Over the years, Bandar has treated the issue of "terrorism" as something of a situational ethic, using the term to disparage political movements disfavored by the Saudi royals while treating violent groups backed by Saudi Arabia as freedom fighters. That rhetorical technique has been well-honed since the days when Saudi Arabia and the Reagan administration poured billions of dollars into the Afghan mujahedeen and their Arab jihadist allies fighting Soviet troops in the 1980s.
The anti-Soviet war in Afghanistan brought to prominence Saudi national Osama bin Laden and the terrorists who later consolidated themselves under the global brand, al-Qaeda. In the 1980s, these roving jihadists were hailed as freedom fighters and brave defenders of Islam, but -- in the 1990s -- they began targeting the United States with terrorist attacks.
Then, on Sept. 11, 2001, 19 al-Qaeda operatives -- 15 identified as Saudi nationals -- hijacked four U.S. commercial jets and used them to inflict some 3,000 deaths in New York, at the Pentagon and in a field in Pennsylvania. At the time, Bandar was the Saudi ambassador in Washington and so close to the Bush family that he was nicknamed "Bandar Bush."
Bandar was also very close to the bin Laden family. After the 9/11 attacks, Bandar acknowledged having met Osama bin Laden in the context of bin Laden thanking Bandar for his help financing the Afghan jihad project. "I was not impressed, to be honest with you," Bandar told CNN's Larry King about bin Laden. "I thought he was simple and very quiet guy."
However, immediately after 9/11, Bandar undermined the FBI's opportunity to learn more about the connections between Osama bin Laden's relatives and the perpetrators of 9/11 when Bandar arranged for members of the bin Laden family to flee the United States on some of the first planes allowed back into the air -- after only cursory interviews with FBI investigators.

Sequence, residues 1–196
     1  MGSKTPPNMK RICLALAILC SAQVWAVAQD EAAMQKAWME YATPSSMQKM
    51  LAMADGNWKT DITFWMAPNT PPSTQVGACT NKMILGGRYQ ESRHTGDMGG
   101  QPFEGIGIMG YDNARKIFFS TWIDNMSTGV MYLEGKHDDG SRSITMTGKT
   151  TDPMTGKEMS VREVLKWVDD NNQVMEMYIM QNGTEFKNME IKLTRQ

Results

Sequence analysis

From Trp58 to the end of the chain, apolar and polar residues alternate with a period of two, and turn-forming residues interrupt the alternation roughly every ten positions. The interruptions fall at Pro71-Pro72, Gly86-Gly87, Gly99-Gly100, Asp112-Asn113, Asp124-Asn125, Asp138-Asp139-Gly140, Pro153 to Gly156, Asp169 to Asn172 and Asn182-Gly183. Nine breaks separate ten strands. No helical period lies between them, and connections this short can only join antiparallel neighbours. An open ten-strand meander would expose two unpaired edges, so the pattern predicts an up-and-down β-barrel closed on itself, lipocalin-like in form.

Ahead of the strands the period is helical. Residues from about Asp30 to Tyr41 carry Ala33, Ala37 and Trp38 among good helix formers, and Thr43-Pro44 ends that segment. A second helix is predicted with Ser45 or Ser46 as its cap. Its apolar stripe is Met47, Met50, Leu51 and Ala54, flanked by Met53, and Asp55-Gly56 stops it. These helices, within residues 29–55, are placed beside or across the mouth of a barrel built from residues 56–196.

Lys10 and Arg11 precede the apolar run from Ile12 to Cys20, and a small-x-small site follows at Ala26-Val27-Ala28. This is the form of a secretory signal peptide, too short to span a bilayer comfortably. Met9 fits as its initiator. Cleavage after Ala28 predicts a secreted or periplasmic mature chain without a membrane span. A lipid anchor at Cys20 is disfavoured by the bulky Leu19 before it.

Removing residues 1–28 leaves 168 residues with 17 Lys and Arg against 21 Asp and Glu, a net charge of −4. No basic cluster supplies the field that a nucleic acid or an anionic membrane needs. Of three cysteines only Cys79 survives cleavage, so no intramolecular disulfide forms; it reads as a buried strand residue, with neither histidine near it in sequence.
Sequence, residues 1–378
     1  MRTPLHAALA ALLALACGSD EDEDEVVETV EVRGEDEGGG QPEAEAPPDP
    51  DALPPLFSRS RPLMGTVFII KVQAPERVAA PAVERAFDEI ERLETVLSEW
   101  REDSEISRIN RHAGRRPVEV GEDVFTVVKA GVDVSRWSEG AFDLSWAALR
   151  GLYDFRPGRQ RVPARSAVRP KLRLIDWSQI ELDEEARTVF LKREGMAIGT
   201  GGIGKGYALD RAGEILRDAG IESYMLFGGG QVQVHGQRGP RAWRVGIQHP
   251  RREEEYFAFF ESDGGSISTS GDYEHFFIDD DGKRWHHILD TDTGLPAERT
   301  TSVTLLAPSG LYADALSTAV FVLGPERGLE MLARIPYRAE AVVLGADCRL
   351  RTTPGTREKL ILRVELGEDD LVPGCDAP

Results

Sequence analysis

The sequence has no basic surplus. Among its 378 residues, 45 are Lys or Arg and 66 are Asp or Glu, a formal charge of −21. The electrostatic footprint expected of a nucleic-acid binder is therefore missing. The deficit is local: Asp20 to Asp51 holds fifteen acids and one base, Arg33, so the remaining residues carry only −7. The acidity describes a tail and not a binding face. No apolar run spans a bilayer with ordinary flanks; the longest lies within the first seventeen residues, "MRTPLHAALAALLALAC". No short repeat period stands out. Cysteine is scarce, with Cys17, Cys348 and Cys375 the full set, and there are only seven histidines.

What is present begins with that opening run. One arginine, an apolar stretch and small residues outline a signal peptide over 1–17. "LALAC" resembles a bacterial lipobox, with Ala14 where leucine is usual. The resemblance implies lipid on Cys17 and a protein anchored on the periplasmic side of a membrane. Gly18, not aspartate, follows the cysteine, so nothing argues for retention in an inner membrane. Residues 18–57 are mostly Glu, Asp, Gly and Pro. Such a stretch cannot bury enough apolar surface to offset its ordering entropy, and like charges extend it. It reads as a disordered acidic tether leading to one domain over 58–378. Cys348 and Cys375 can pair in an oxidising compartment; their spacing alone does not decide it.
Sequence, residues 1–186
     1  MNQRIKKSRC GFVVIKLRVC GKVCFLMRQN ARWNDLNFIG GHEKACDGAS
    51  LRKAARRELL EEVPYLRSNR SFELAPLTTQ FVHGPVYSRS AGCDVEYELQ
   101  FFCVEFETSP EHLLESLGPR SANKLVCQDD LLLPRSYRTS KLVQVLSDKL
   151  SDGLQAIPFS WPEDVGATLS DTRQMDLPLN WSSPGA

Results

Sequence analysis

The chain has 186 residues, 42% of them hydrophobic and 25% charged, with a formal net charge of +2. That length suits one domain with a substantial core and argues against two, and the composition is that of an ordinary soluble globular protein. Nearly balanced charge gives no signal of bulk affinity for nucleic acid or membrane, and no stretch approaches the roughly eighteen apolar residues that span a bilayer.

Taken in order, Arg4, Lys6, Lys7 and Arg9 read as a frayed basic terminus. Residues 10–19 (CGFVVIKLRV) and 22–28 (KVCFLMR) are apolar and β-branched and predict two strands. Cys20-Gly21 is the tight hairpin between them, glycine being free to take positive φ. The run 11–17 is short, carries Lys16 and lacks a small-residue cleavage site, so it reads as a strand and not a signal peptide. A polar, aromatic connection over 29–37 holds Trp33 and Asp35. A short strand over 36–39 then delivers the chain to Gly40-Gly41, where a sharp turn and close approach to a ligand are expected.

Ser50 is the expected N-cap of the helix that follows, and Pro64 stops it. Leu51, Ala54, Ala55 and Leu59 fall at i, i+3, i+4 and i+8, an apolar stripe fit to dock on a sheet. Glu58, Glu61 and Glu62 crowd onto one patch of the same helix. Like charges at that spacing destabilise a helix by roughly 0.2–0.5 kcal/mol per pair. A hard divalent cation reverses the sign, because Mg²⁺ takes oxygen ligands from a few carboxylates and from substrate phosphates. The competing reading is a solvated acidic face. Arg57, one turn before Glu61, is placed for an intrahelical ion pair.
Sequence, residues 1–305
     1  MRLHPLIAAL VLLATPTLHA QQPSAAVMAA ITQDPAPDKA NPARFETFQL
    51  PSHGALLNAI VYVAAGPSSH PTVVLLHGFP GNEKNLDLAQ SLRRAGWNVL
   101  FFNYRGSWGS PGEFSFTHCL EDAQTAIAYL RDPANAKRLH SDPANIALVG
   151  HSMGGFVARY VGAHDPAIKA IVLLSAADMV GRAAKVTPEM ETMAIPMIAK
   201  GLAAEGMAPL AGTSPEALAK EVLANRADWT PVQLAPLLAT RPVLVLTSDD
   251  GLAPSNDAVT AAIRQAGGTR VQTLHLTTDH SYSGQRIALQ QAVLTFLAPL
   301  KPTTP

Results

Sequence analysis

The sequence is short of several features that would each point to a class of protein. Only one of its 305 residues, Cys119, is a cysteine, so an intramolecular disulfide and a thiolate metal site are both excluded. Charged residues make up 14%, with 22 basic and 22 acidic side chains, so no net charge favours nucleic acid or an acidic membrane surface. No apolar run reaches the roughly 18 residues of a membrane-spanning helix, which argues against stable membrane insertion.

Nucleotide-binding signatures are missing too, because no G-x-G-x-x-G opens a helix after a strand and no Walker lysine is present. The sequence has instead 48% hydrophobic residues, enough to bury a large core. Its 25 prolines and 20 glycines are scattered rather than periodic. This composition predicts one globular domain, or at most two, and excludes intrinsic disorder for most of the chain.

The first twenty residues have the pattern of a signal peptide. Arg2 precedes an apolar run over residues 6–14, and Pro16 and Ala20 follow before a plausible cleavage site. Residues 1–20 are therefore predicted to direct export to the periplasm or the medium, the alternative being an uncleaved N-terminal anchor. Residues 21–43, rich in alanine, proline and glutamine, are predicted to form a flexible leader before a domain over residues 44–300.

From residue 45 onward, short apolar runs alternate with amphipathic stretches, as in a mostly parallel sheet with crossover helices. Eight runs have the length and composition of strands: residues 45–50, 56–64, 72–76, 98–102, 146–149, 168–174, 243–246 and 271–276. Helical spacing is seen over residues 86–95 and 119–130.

The only segment of the 9/11 Commission's report to be blacked out was the part dealing with alleged Saudi financing for al-Qaeda.
Bandar's Mafia-like threat toward the Sochi games -- a version of "nice Olympics you got here, it'd be a shame if something terrible happened to it" -- failed to intimidate Putin. Indeed, I was told that Putin's anger fueled his decision to intervene in the Syrian crisis to head off a threatened U.S. military strike designed to "degrade" the Syrian military.
The Saudi-backed rebels had planned to mount an offensive timed with the U.S. bombing in a final drive to topple the Assad regime -- and were furious when Russian diplomacy averted the U.S. attack.
As the near U.S. intervention in the Syrian civil war shows, the Israeli-Saudi alliance can be problematic to U.S. interests in the Middle East by seeking to limit peaceful options available to President Obama. In yanking Official Washington around, Saudi Arabia and Israel can work different sides of the U.S. influence-peddling street.
Saudi oil billionaires can reach into both Wall Street boardrooms and the corporate offices of Texas energy giants, while Israel has unparalleled lobbying power with Congress and can deploy its network of neocon propagandists to shape any American foreign policy debate.
Thus, the new Israeli-Saudi alliance can threaten U.S.-Russian strategies for negotiating settlements to Middle East crises. When both Israeli and Saudi leaders say no, it's hard to fashion an effective strategy for addressing the loss of democracy in Egypt, for instance, or pursuing negotiations to resolve the crises with Syria and Iran.
The only possible counterforce strong enough to take on this new Israeli-Saudi powerhouse would be a coordinated -- and determined -- effort by the United States and Russia. Thus, the odd-couple bonding of Netanyahu and Bandar might have the ironic consequence of pushing together another odd couple, Barack and Vlad.